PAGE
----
Summary of the verdict on the charge no 7:
Kamaruzzaman was awarded life-term imprisonment. Guilty of the offence of ‘Complicity’ to commit murder as ‘crimes against humanity’ specified in section 3(2)(a)(h) of ICTA of 1973 and is convicted and condemned to a single sentence of imprisonment for life under section 20(2) of ICTA of 1973.
Defence sees major violations in the case:
i. The defence filed an application for correct and verbatim recording of the statement of PW1, Md. Hamidul Haque but it was rejected by the order no. 21 of ICT-2. PW1 deposed mentioning the time of occurrence which was in contradiction to the charge brought against the accused. The Tribunal refused to record the date referred to by the PW1.
ii. Many applications were filed to ask questions to the prosecution witnesses which were refused by the Tribunal at the time of cross examination by the PWs. But the tribunal rejected the applications.
iii. The defence filed an application to recall the order taking cognizance and for a full and complete retrial after leaking of the conversation and email between former Chairman of ICT-1, Nizamul Hauqe Nasim and Brussels based legal expert Ahmed Ziauddin. The leaks showed that the proceedings and order of the tribunal were being dictated from abroad. The application was rejected by the order no. 87 of ICT-2.
iv. The defence filed an application seeking recall the order dated 24 February 2013 forcibly closing cross-examination of the investigation officer (PW18), which was rejected by the order no. 120 of ICT-2. The conducting defence counsel could not appear before the tribunal on account of day-long strike and due to such absence, the tribunal forcibly closed the cross examination.
v. At the time of commencement of trial the defence filed the documents in support of defence. The defence also collected more relevant documents to strengthen the defence case and sought permission by an application to adduce the documents as additional evidence. The application was rejected vide order no. 121 but the tribunal also allowed similar application of prosecution seeking permission to file additional documents as evidence.
vi. An application was filed by the prosecution seeking an order limiting the DWs. The application was allowed and DWs were reduced to 5.
Prosecution’s Argument presented in the text of the verdict:
i. Ms. Tureen Afroz submitted the ‘old evidence doctrine’ in reply to the argument of defence, on the issue of ‘inconsistencies’ occurred in testimony of witnesses. Suspicious and inconsistencies may naturally occur in recollecting and articulating of traumatic horrific event, particularly 40 years after the events took place.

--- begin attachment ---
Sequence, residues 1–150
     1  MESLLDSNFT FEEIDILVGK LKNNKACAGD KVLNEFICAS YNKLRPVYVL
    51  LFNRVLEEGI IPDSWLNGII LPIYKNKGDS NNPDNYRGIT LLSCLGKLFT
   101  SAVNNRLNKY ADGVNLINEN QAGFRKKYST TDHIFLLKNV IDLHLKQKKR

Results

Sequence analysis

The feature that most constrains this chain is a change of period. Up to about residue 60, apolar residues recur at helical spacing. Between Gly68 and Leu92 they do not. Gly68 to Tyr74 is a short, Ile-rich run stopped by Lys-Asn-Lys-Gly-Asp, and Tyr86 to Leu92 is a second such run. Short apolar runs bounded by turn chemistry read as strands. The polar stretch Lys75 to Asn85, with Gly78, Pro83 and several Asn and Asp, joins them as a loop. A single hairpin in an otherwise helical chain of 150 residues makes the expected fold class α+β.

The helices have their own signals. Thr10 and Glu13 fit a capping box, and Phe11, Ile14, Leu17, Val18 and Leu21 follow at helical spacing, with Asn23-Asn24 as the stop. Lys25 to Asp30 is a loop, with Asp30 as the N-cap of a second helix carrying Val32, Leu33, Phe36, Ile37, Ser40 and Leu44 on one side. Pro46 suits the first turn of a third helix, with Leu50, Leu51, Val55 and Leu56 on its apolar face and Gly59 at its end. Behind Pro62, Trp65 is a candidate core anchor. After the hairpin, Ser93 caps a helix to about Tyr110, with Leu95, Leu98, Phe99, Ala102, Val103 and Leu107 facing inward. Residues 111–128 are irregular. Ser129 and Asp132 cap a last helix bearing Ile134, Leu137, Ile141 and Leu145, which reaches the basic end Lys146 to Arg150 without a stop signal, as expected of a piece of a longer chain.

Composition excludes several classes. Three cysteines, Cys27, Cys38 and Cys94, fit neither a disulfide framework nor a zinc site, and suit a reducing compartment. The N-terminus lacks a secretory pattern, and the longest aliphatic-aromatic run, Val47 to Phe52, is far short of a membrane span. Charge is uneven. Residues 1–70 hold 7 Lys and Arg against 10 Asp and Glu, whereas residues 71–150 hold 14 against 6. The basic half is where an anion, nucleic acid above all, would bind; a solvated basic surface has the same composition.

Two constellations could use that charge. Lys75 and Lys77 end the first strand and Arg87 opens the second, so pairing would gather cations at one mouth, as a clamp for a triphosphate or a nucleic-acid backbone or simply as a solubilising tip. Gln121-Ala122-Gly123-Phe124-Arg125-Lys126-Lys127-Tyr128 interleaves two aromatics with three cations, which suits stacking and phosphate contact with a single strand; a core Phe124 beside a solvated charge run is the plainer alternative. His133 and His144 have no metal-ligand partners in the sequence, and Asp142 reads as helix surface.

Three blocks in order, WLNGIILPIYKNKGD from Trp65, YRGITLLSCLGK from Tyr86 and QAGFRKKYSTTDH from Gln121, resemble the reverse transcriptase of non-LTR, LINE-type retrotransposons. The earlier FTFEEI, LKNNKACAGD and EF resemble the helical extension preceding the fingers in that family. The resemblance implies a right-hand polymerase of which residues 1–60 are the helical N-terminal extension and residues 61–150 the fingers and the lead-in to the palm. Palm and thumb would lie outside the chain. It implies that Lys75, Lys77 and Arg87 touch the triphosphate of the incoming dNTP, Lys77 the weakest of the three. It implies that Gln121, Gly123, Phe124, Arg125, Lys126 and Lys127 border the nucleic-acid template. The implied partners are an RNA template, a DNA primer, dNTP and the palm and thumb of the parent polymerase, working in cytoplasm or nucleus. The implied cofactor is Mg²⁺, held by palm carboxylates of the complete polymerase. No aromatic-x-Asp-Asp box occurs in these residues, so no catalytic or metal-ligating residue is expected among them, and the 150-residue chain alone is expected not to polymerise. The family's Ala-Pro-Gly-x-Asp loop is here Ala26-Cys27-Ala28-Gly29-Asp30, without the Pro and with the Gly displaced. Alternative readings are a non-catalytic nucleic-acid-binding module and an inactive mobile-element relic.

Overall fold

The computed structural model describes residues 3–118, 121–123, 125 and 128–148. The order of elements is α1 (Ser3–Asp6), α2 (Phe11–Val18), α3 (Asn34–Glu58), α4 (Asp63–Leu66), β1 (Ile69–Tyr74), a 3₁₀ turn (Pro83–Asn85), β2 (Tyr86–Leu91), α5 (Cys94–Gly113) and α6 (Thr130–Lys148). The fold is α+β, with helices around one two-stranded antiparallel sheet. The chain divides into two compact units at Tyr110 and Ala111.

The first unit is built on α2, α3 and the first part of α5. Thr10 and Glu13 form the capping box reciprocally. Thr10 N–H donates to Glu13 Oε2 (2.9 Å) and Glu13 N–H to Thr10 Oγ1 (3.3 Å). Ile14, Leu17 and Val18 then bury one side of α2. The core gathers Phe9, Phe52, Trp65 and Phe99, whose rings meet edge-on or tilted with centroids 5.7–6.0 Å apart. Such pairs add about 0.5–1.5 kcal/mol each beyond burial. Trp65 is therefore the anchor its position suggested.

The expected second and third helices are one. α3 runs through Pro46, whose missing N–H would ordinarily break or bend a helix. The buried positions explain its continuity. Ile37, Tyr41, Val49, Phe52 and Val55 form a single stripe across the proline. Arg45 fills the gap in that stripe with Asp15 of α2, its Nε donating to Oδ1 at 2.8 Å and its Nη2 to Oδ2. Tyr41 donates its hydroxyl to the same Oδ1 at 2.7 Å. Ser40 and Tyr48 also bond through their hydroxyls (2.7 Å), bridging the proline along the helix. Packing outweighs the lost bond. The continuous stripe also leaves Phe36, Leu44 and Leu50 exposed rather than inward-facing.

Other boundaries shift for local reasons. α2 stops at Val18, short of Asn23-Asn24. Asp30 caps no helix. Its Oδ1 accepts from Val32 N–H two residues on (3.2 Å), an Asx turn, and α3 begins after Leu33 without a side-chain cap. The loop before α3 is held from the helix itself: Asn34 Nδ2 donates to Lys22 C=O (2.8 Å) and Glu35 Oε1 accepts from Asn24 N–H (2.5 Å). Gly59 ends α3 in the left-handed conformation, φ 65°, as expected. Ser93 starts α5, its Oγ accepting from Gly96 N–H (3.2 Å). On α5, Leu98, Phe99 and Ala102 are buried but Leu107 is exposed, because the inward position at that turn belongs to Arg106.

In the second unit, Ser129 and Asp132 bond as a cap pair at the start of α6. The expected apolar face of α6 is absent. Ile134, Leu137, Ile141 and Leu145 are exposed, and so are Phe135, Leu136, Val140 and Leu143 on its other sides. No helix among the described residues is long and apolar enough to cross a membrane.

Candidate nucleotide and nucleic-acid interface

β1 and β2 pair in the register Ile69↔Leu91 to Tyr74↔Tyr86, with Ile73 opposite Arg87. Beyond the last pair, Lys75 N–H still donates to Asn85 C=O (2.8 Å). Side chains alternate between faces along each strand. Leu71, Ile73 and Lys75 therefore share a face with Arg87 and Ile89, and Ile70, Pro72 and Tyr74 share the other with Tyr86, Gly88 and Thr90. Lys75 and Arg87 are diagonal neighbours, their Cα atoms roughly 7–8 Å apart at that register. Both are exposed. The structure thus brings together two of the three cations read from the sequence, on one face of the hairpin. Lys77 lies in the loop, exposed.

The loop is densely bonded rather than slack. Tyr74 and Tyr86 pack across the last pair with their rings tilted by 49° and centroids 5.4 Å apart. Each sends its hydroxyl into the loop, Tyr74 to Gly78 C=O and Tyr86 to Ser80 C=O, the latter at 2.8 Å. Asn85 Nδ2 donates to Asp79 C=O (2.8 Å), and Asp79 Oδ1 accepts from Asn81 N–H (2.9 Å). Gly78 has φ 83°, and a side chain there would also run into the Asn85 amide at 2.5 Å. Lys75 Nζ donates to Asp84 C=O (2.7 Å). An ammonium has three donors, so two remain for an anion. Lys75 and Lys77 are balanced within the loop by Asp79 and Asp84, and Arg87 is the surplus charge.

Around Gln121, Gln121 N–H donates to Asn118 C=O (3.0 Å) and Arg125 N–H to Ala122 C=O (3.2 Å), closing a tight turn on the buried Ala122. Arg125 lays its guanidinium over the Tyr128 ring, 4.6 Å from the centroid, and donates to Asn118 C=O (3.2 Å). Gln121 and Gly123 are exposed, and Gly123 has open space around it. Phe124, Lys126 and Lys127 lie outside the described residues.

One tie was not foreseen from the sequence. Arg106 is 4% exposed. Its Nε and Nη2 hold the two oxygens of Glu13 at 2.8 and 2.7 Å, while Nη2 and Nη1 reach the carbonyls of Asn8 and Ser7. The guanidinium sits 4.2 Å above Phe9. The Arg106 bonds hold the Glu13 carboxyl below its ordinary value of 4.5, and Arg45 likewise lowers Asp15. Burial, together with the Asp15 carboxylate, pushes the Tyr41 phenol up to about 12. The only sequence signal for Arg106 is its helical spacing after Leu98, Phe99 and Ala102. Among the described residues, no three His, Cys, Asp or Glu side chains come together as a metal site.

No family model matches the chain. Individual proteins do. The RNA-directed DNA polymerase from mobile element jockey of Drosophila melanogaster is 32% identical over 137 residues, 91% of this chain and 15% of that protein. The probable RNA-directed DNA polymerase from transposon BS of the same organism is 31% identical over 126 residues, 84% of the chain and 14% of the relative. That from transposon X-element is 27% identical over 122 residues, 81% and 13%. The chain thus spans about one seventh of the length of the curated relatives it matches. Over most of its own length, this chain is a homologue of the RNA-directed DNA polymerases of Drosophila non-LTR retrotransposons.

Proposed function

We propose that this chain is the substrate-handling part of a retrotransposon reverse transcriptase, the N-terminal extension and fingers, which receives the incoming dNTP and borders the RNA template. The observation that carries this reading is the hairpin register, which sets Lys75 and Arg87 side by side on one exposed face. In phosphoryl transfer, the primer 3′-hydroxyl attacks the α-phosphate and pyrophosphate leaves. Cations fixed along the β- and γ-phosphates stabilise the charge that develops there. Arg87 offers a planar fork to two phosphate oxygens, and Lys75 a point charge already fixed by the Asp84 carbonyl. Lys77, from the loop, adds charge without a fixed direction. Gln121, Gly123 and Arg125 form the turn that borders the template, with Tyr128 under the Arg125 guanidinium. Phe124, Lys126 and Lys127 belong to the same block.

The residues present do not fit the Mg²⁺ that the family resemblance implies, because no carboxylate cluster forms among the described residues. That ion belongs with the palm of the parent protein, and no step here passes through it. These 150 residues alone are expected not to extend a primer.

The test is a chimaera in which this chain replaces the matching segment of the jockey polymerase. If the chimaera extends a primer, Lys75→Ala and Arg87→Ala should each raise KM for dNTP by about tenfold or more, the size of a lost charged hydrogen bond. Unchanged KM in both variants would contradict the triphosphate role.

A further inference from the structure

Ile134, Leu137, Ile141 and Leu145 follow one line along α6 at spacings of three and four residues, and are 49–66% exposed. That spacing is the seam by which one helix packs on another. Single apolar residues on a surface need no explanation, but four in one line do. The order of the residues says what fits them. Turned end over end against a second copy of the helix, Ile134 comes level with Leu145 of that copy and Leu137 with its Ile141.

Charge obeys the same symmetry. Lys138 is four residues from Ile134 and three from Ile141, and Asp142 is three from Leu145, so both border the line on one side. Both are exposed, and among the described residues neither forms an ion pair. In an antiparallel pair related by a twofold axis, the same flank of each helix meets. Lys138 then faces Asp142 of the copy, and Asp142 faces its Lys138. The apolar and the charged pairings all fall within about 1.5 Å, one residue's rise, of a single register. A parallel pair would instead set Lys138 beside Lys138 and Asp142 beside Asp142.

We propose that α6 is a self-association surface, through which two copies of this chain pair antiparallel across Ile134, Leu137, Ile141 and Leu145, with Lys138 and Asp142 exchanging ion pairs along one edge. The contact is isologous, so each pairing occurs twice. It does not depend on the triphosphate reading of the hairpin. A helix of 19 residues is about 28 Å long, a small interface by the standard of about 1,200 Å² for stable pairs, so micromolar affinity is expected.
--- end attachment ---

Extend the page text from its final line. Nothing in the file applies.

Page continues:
ii. For the reason of lapse of long passage of time, witness may not be able recall every detail with precision and to perfectly corroborate to other witness. The Tribunal, in view of above submissions backed by decisions cited, notes that probative value of hearsay evidence is to be weighed in light of context and circumstances related to material facts depicted from evidence led by the prosecution. Hearsay evidence thus can be relied upon to prove the truth of its contents, and the fact that merely the ‘hearsay character’ does not necessarily deprive the evidence of its probative value.
iii. It is also the reality that where a significant period of time has elapsed between the acts for which the accused has been charged, it is not always reasonable to expect the witness to recall every detail with precision. In the case in hand, Prosecution depends mainly on testimony made by the witnesses before the Tribunal, in addition to documentary evidence submitted.
iv. Research shows that human memory only records fragments of events as observed. We are to move towards adjudication of the charges framed, keeping all these aspects in mind.
v. Due to the nature of international crimes, their chaotic circumstances, and post-conflict instability, these crimes are usually not well-documented by post-conflict authorities.
The full text of the Appellate Division judgment was released on February 18, 2015 and the International Crimes Tribunal the following day issued a warrant to execute the death sentence.
On November 3, 2014, the Appellate Division of the Supreme Court upheld the tribunal verdict that had awarded death sentence to the assistant secretary general of Bangladesh Jamaat-e-Islami, the top Islamic party in Bangladesh, for war crimes in 1971.
Source: BD Chronicle